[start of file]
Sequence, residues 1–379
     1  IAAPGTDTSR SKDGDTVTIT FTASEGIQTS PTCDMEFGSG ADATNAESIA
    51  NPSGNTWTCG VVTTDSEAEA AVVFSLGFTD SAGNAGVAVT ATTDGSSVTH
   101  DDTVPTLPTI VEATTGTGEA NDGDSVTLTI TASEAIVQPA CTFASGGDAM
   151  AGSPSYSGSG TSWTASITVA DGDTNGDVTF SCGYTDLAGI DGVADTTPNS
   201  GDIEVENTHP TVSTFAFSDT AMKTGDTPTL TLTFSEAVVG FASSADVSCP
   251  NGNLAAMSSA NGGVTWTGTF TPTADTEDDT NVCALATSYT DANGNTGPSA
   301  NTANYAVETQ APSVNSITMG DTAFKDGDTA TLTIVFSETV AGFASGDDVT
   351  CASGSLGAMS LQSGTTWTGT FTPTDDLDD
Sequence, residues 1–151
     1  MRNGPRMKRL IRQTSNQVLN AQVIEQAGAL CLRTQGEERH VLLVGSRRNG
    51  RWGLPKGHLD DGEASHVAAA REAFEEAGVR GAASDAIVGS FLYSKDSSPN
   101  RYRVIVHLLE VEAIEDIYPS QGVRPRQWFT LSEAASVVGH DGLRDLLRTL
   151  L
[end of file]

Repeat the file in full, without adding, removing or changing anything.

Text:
Sequence, residues 1–379
     1  IAAPGTDTSR SKDGDTVTIT FTASEGIQTS PTCDMEFGSG ADATNAESIA
    51  NPSGNTWTCG VVTTDSEAEA AVVFSLGFTD SAGNAGVAVT ATTDGSSVTH
   101  DDTVPTLPTI VEATTGTGEA NDGDSVTLTI TASEAIVQPA CTFASGGDAM
   151  AGSPSYSGSG TSWTASITVA DGDTNGDVTF SCGYTDLAGI DGVADTTPNS
   201  GDIEVENTHP TVSTFAFSDT AMKTGDTPTL TLTFSEAVVG FASSADVSCP
   251  NGNLAAMSSA NGGVTWTGTF TPTADTEDDT NVCALATSYT DANGNTGPSA
   301  NTANYAVETQ APSVNSITMG DTAFKDGDTA TLTIVFSETV AGFASGDDVT
   351  CASGSLGAMS LQSGTTWTGT FTPTDDLDD
Sequence, residues 1–151
     1  MRNGPRMKRL IRQTSNQVLN AQVIEQAGAL CLRTQGEERH VLLVGSRRNG
    51  RWGLPKGHLD DGEASHVAAA REAFEEAGVR GAASDAIVGS FLYSKDSSPN
   101  RYRVIVHLLE VEAIEDIYPS QGVRPRQWFT LSEAASVVGH DGLRDLLRTL
   151  L